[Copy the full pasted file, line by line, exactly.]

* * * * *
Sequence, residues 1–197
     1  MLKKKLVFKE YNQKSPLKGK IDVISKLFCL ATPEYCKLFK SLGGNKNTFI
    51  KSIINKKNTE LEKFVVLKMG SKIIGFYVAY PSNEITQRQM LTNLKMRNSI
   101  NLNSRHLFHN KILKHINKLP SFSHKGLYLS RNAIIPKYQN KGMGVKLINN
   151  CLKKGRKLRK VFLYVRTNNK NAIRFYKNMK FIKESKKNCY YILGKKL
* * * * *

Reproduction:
Sequence, residues 1–197
     1  MLKKKLVFKE YNQKSPLKGK IDVISKLFCL ATPEYCKLFK SLGGNKNTFI
    51  KSIINKKNTE LEKFVVLKMG SKIIGFYVAY PSNEITQRQM LTNLKMRNSI
   101  NLNSRHLFHN KILKHINKLP SFSHKGLYLS RNAIIPKYQN KGMGVKLINN
   151  CLKKGRKLRK VFLYVRTNNK NAIRFYKNMK FIKESKKNCY YILGKKL